Sunday, 24 April 2022

Slings and Slingstones

Welcome to Day 24 of my April blog posts about the writing of Before Beltane.

A couple of days ago, I wrote about Celtic spears and Roman pila. Today I’m looking at my use of the less imposing, yet still deadly, weapon named a sling. Slings have been around since men first began to hunt. I presume that when early man realised that a stone thrown at an animal could wound, but not quite kill, they worked out that the force of the throw and the distance covered wasn’t quite sufficient. A simple aid was needed which could help them reach their target with greater accuracy and with enough power behind it to stun, or directly kill the prey.

Wikimedia Commons

The artistic impression above of a Balearic slinger depicts a second sling used as a headband for ease of access, should a first sling become unusable during a conflict. 

The earliest slings mentioned throughout the classical world were simply made of natural materials – plant or vegetable fibres, or animal sinews/gut. The act of whirling a stone that’s cradled in a pouch nestled between the two cords, and let fly at the optimum moment, meant a greater force was obtained and the distance of throw was considerably longer than throwing a stone by hand. Slings can be constructed in varied lengths, giving a slinger a wider range of use, and they are easily transported.

Sling stones were made more sophisticated by smoothing stones to a well-rounded shape or, later on, were crafted in metals like iron, or were made of clay. Different shapes were developed to include a shape more like an almond nut.

Sling stone archaeological finds are fairly common, but the actual slings less so since their materials degrade in the ground over time. Since slings are rarely found as grave-goods, it’s thought that slings would have been too ordinary a weapon to add to the weapon stock that a warrior might need in the Afterlife/Otherworld.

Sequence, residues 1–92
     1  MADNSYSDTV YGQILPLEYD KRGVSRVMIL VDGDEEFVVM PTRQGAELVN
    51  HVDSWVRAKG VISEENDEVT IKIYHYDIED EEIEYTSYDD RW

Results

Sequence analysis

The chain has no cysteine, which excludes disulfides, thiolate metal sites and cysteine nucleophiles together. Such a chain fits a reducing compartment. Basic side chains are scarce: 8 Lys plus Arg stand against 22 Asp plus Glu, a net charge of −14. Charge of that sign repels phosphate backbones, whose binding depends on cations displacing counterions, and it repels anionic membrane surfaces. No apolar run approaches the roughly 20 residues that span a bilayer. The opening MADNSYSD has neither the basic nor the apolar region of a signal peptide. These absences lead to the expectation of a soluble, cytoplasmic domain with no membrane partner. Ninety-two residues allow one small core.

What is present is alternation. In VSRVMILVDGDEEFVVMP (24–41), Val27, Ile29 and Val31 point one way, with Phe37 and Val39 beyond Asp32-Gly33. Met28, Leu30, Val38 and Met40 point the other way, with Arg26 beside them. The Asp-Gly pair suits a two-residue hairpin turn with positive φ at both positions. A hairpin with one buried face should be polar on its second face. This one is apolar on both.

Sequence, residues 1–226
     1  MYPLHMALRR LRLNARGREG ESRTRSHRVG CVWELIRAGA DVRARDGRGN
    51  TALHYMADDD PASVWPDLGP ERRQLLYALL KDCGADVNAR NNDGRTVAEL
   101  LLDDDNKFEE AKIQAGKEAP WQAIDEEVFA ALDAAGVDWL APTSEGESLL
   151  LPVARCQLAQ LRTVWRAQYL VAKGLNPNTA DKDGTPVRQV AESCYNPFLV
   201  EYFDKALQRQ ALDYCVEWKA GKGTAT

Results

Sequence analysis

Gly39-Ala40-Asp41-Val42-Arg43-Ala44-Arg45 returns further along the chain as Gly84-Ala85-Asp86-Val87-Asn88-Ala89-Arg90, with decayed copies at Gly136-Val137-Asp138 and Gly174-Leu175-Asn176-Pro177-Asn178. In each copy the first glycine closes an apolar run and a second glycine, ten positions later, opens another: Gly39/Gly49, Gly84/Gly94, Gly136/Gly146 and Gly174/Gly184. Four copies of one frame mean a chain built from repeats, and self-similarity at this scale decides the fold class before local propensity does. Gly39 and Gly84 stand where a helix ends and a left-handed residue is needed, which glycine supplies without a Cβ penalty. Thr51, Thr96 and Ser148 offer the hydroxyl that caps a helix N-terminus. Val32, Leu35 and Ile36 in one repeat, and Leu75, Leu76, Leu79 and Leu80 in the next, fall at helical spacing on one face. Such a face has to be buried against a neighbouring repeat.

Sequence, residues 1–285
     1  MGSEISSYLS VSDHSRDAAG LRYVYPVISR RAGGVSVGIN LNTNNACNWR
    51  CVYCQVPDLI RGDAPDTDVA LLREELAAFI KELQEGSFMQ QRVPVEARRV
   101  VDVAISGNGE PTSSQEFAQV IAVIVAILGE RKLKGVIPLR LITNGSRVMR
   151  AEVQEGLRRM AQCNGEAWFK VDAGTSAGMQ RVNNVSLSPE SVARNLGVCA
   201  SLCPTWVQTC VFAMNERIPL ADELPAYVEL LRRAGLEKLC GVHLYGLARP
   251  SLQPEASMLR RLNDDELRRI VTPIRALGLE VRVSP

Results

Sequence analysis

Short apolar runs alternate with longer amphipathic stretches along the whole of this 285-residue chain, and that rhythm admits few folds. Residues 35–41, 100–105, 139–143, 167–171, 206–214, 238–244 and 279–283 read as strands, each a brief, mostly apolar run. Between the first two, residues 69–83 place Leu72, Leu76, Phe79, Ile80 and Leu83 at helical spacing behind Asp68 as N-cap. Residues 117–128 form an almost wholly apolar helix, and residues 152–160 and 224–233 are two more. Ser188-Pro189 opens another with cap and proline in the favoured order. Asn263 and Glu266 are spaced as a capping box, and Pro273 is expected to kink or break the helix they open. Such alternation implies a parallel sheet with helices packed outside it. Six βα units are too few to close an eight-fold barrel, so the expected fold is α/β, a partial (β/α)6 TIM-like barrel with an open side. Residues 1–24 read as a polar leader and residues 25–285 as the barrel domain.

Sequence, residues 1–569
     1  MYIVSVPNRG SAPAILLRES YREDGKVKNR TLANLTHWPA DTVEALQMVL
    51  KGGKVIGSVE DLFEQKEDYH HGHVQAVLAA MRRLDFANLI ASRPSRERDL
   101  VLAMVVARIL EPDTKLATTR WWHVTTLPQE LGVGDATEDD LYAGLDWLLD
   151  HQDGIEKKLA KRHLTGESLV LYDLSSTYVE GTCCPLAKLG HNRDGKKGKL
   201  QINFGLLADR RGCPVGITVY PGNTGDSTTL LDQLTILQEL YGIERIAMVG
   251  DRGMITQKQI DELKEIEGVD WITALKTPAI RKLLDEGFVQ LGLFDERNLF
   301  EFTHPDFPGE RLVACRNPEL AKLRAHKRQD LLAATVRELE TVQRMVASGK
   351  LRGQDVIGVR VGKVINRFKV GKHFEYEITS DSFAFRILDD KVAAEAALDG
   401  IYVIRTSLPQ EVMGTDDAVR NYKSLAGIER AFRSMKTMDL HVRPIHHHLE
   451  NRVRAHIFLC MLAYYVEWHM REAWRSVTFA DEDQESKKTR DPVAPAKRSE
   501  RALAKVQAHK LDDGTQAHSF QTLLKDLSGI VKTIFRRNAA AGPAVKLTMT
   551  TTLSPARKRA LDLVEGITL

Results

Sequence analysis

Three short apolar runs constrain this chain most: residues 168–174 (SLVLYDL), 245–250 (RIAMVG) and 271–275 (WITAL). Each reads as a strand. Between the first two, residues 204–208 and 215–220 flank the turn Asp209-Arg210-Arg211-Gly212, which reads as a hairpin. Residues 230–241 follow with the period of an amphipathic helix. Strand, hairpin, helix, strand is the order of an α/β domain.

Some sling stones found have very interesting properties. A large collection uncovered near the Burnswark Hillfort, southern Scotland, had holes in them. It’s possible that the whooshing/ singing noise those stones made was intended to terrify the enemy.

Slingers on Trajan's Column -
Wikimedia Commons

Both Late iron Age Britons and Roman armies are likely to have had expert slingers in their midst. A sling stone well-fired could kill an enemy outright, or stun them long enough for other action to be taken to kill them using spear or sword. 

Equally, a sling-stone could kill a small animal or bird outright, or stun them long enough for the slinger to reach their prey and kill, before the animal got away. 

In Before Beltane, Lorcan uses a sling to kill moor birds, described as being like grouse or capercaillie. Nara adds her sling and sling stones to her pouch when she ventures out to fend for herself when abandoned at the Hillfort of Tarras. 

You can read about their use of sling-stones in  a Paperback copy, or Pre- order the eBook (Launch day 29th April) 

Happy Reading.

SlĂ inte!

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